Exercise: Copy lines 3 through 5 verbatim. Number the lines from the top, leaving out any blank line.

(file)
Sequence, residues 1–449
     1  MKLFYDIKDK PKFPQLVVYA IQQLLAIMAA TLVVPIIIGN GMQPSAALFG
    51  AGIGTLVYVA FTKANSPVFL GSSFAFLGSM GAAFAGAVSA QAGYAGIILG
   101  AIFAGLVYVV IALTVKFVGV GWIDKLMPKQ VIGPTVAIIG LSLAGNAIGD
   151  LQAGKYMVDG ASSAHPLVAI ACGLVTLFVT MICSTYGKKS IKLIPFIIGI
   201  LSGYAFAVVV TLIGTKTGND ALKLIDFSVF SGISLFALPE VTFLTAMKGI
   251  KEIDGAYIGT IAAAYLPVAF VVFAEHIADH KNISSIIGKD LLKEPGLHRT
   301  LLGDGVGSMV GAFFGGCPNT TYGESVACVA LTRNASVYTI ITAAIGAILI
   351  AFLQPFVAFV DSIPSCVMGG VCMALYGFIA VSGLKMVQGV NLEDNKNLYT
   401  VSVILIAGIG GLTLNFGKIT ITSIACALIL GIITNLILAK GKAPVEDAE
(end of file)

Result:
    51  AGIGTLVYVA FTKANSPVFL GSSFAFLGSM GAAFAGAVSA QAGYAGIILG
   101  AIFAGLVYVV IALTVKFVGV GWIDKLMPKQ VIGPTVAIIG LSLAGNAIGD
   151  LQAGKYMVDG ASSAHPLVAI ACGLVTLFVT MICSTYGKKS IKLIPFIIGI